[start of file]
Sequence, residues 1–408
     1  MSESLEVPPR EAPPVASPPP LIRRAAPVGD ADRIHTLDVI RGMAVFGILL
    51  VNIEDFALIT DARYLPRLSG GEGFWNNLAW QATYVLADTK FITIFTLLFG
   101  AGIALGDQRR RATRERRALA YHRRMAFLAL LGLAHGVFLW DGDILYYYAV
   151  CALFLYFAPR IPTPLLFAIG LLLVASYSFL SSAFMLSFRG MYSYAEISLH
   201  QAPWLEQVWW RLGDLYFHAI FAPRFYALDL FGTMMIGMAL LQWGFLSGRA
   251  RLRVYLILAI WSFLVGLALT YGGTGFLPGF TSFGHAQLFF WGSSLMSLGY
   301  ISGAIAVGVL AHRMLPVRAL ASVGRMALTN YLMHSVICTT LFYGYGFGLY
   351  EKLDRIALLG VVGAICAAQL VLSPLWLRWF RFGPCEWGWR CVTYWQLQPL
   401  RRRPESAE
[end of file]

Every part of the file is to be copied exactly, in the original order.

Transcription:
Sequence, residues 1–408
     1  MSESLEVPPR EAPPVASPPP LIRRAAPVGD ADRIHTLDVI RGMAVFGILL
    51  VNIEDFALIT DARYLPRLSG GEGFWNNLAW QATYVLADTK FITIFTLLFG
   101  AGIALGDQRR RATRERRALA YHRRMAFLAL LGLAHGVFLW DGDILYYYAV
   151  CALFLYFAPR IPTPLLFAIG LLLVASYSFL SSAFMLSFRG MYSYAEISLH
   201  QAPWLEQVWW RLGDLYFHAI FAPRFYALDL FGTMMIGMAL LQWGFLSGRA
   251  RLRVYLILAI WSFLVGLALT YGGTGFLPGF TSFGHAQLFF WGSSLMSLGY
   301  ISGAIAVGVL AHRMLPVRAL ASVGRMALTN YLMHSVICTT LFYGYGFGLY
   351  EKLDRIALLG VVGAICAAQL VLSPLWLRWF RFGPCEWGWR CVTYWQLQPL
   401  RRRPESAE